Despite Macron’s victory, the French elections remain a far-right victory
Like all worst nightmares, we woke up to find we were still dreaming. Emmanuel Macron’s victory over Marine Le Pen in the French presidential election is not the end of anything. Had Remain won in 2016, it wouldn’t have marked the end of Project Brexit either.
In France, as everywhere in Europe, the center and the center left seem to think they can repel the extreme right by giving it ground and aping its rhetoric. The result is a “new normal,” in which the far right has become the main opposition to the status quo. They cannot be defeated just like that.
Five years ago, in the spring of 2017, Le Pen was on the brink of the French presidency and Europe was on the brink of disintegration. As France’s center-left crumbled, opponents of the far-right were forced to rally around centrist newcomer Macron, whose platform combined unabashed pro-Europeanism with an open determination to confront the unions and to “modernize” (i.e. deregulate) the French economy. Jean-Luc Mélenchon, leading an insurrectional campaign of the “sovereignist” left, failed to qualify for the final round and remained third.
On Sunday, French voters made exactly the same choice, after an almost identical result in the first round. The turmoil and trauma of the pandemic, along with a major war on Europe’s borders, only rearranged the conditions under which Le Pen and Macron met. Le Pen’s financial ties to Russia and his political ties to Vladimir Putin have not dented his popularity. Instead, the far right achieved its best electoral result, winning over 40% of the vote. Le Pen, a candidate who has promised to ban the hijab in public spaces and deny non-citizens access to welfare, won almost three million votes more than in 2017, including a high vote among young people and a clear majority of French workers.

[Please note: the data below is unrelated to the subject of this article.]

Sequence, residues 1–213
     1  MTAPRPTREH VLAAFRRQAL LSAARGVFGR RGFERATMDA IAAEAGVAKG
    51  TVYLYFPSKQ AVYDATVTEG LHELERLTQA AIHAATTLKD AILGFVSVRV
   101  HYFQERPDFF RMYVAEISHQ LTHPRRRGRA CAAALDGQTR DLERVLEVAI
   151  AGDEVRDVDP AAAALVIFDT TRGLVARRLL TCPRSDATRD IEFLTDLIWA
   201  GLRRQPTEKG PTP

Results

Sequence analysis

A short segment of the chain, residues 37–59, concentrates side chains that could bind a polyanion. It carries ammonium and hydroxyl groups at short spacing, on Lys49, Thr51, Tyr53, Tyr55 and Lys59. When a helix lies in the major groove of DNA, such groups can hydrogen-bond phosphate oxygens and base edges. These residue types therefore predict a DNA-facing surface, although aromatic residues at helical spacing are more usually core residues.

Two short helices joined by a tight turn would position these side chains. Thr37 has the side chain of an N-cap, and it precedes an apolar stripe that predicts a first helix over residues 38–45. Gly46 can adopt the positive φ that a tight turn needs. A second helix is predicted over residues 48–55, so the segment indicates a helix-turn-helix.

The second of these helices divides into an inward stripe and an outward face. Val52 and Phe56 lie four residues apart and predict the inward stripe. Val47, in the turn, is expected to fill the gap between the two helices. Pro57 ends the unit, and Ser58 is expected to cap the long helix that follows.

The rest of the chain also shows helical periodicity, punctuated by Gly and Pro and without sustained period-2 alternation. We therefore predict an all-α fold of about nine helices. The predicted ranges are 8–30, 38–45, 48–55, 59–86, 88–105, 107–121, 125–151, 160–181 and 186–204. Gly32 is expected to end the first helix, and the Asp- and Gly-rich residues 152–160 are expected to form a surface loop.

Receive our free daily email
Get a full story, straight to your inbox every day of the week.
It is an outcome that will embolden racists across the Western world and should serve as a wake-up call to progressives everywhere – and to our entire political class. Yet for many it will be a sleep aid. The rise of Macronism is a crucial supporting pillar of the self-confidence of much of Europe’s political leadership, whose position is based on their belief that the old technocratic political model can hold. For this narrative, Macron’s initial victory in 2017, alongside Donald Trump’s defeat in 2020, marked the moment when the new global far right retreated.
The problem with this view of history is that it relies on a selective reading of reality. Yes, liberal progressives have just won in Slovenia. But in Hungary, Orbán has just won a landslide re-election. The populist right-wing Swedish Democrats are expected to retain their third place in September. The Lega are no longer in power in Italy, but they are within touching distance. The Alternative for Germany (AfD), Dutch Freedom Party and Austrian Freedom Party (FPÖ) are all here to stay. In Spain, the far-right Vox party has made inroads, although in a much more limited way.